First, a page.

T-Mobile-Sprint Merger Could Be a Game-Changer for 5G
The New York Attorney General’s office has revved up its investigation of the T-Mobile and Sprint merger that was announced in early April. If the deal survives FCC and antitrust review, it’s sure to have profound impact on the telecom industry and 5G deployment, especially in rural areas. The “New T-Mobile” will finally be able to compete with Verizon and AT&T — companies that currently account for nearly 70 percent of market share. But to help the U.S. maintain its wireless leadership, the combined firm will use its assets to build out a truly nationwide 5G network.
T-Mobile has rapidly gained market share using its famed “un-carrier” strategy. From 2011 to 2017, its market share went from 11 percent to 17 percent — a 54 percent increase. However, this growth from aggressive pricing and novel marketing strategies appears to be slowing down: T-Mobile’s growth rate in the second quarter of 2018 was its smallest gain in two years.
Sprint has its own problems. It has lost money in four out of the last five years. Although the firm owns valuable spectrum assets, it lacks the capital required to use them. According to its own FCC filing, Sprint is the “most highly leveraged company in the S&P 500,” and has amassed $32 billion in long-term debt. If this merger doesn’t go through, many industry analysts suggest the company isn’t likely to survive even a few years.
Of course, Verizon and AT&T are in a class of their own — they aren’t actually competing with T-Mobile and Sprint. As of Q2 2018, Verizon and AT&T had nearly 300 million subscribers among them and together represented a 70-percent market share. On the other hand, T-Mobile had 75.6 million and Sprint a mere 53.7 million.
For some perspective on the differences: Even if the merger is allowed, the combined firm would still have less market share and fewer subscribers than both AT&T and Verizon. In short, as a report published by the research firm Consumer Intelligence Research Partners (CIRP) suggests, T-Mobile and Sprint will have to find growth elsewhere if they are to unseat either AT&T or Verizon as a top-two telecommunications provider instead of just putting pricing pressure on them.
This growth needs to come from 5G, the next generation of mobile internet connectivity. It’ll offer faster speeds and enable a network of devices, like home appliances, to connect with each other via the internet. But this is, by no means, the potential benefit arising from the merger. The deployment of this 5G network is also expected to create up to 3 million jobs and boost GDP by $500 billion. And for T-Mobile and Sprint to be relevant players in this 5G race, they need spectrum within three key frequency ranges (low, mid, and high band) to deliver widespread coverage, from dense urban centers to rural areas. The providers will also need to invest a large amount of capital, about $275 billion by 2024, to build out a network.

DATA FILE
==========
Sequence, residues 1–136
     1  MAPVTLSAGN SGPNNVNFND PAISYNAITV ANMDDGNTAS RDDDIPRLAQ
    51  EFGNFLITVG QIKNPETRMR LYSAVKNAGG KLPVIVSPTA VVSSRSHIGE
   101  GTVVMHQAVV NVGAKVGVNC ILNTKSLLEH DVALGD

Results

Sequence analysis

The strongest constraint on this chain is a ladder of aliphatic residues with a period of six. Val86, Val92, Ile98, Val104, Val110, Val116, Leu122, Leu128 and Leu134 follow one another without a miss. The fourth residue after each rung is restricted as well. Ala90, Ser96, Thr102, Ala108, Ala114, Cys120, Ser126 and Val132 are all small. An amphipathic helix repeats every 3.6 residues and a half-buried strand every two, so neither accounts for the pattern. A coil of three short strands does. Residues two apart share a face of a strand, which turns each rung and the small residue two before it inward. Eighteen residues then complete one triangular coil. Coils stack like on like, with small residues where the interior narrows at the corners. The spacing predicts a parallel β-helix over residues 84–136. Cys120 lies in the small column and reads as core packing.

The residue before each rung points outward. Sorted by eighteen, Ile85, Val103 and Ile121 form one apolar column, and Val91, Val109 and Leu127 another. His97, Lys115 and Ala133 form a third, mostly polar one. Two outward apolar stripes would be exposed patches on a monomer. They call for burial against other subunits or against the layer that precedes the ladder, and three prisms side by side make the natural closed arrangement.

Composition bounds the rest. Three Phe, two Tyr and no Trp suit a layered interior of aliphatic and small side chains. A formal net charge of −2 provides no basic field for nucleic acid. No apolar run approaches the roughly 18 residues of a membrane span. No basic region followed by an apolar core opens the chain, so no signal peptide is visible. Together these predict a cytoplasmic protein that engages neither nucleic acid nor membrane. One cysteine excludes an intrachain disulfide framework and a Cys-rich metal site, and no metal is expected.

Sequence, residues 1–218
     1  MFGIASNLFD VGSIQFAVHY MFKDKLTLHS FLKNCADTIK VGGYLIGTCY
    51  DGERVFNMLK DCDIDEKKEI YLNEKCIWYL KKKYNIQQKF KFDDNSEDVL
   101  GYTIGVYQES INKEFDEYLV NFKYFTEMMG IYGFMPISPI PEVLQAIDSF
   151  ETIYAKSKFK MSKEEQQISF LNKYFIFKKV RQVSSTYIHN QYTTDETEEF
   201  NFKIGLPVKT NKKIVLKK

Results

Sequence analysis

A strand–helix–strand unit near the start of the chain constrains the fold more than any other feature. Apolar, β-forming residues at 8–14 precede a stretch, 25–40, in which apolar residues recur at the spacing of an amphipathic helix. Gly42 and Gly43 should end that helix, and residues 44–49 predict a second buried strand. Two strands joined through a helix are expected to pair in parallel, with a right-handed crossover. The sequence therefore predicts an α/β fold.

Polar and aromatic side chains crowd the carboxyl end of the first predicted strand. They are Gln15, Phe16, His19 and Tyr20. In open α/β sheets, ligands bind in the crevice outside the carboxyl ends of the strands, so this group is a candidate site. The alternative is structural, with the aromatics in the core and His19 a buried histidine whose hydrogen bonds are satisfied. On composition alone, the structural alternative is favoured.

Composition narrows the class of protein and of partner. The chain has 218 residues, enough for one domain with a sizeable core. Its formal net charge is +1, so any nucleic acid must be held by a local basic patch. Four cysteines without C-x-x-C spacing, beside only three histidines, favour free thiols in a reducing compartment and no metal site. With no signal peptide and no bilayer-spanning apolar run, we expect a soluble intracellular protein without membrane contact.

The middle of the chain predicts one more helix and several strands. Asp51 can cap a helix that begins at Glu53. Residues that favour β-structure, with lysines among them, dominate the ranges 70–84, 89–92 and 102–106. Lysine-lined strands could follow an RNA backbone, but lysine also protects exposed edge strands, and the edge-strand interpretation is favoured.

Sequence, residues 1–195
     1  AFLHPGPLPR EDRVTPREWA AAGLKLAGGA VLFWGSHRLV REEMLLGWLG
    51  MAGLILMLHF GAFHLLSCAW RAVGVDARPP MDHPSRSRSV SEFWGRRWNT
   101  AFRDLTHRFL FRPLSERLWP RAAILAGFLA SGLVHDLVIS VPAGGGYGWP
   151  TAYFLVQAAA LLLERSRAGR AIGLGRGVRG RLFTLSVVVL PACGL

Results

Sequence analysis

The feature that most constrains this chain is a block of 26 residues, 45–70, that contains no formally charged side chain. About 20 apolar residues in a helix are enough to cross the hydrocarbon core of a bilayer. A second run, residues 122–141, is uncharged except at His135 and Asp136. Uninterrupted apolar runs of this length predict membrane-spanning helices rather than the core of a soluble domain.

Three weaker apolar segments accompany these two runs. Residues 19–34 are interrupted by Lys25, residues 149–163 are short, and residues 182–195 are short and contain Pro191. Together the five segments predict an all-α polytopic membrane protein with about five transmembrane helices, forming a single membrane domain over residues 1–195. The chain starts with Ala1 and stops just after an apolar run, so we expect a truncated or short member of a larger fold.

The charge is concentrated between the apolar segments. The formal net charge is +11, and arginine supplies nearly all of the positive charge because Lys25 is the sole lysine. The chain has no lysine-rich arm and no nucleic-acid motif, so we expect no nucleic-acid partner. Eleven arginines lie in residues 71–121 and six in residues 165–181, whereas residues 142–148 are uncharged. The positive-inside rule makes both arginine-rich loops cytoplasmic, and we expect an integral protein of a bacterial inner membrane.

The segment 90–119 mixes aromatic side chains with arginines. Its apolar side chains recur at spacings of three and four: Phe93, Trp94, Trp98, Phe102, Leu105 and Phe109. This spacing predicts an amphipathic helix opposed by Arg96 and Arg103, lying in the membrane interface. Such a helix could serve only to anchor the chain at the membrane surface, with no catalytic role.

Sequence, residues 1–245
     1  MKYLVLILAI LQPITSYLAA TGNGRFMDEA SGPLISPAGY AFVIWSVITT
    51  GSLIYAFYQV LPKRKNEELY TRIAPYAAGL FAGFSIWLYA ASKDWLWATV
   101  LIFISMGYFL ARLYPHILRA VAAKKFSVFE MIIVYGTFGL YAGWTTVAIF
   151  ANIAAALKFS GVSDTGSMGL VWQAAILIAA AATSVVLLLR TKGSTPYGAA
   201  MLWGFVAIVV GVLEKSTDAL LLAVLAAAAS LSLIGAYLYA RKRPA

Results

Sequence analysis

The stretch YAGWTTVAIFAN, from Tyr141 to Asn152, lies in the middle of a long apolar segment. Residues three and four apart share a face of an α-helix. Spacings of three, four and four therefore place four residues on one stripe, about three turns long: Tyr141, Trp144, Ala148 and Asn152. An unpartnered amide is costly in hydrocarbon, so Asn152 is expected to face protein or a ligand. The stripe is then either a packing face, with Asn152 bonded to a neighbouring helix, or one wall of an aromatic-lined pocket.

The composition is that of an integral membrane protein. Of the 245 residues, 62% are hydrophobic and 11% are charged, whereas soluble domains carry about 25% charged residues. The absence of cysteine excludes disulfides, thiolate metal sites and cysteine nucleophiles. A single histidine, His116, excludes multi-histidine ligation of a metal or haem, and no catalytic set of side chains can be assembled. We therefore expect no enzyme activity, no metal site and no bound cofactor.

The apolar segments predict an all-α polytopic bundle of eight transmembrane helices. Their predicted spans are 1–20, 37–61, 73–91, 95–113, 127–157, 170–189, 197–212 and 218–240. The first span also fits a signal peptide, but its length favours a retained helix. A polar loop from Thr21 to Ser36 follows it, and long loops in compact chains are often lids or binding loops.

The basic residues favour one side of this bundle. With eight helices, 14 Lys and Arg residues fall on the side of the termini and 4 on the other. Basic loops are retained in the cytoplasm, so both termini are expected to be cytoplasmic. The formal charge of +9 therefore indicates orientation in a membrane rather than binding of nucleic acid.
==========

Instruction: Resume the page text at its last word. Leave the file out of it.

It’s not impossible, either. Sprint currently owns a large chunk of mid- and high-band spectrum. It’s 2.5 Ghz holding is unique and can transmit a lot of data quickly. But it requires a dense network to function properly. This, coupled with the 600 Mhz and 700 Mhz holdings T-Mobile spent about $9 billion to acquire, will allow the merged company to build a 5G network that covers all areas. This is critical for the success of 5G, particularly because 5G has the potential to worsen the digital divide — currently 31 percent of rural Americans lack access to high-speed broadband (defined as a 25 Mbps down/3 Mbps up service by the FCC) compared to just 2 percent of urbanites. Unfortunately, most current plans to deploy 5G are focused on urban areas. Deployment is expensive and rural areas simply don’t offer enough incentive for providers to invest in network buildout.
Historically, both T-Mobile and Sprint have lagged in rural coverage. But this merger might reverse the trend and allow them to compete with Verizon and AT&T in rural areas, where the top two are dominating.
What about prices? Opponents of the merger argue that further concentration in the telecom industry, especially going from four to three providers, will lead to fewer choices for consumers and higher prices. But that is simply not supported by data. Despite the increased concentration, revenues for providers are trending downwards. From 2013 to 2017, average revenue per user (ARPU) decreased from $48.79 to $38.66: a sizeable decline of 20.8 percent. In that same period, data traffic grew 10 times, going from 1.4 to 13.7 trillion megabits per year.
Will reducing the number of national providers from four to three reverse this trend? Probably not. As Roslyn Layton, visiting scholar at AEI, has pointed out, Austria and Netherlands had similar 4-3 and 5-4 mergers, respectively, with little price change. Moreover, it’s hard to raise prices when AT&T and Verizon can offer bundles that include both cable and internet.
It’s also important to note that disallowing this merger doesn’t guarantee that four providers will remain intact, as Sprint is struggling financially and has also engaged in merger talks with cable companies like Charter, Comcast, and Dish.
A combined T-Mobile and Sprint would ultimately have enough spectrum assets and capital to deploy a truly nationwide network. The combined firm, too, could compete with the likes of Verizon and AT&T in the 5G race, something T-Mobile and Sprint can’t do separately. And increased competition will likely spur the dominant players to innovate, benefiting consumers nationwide by providing multiple viable options for 5G.
Pranjal Drall is a Young Voices contributor specializing in technology and innovation policy. You can find him on Twitter @PranjalDrall.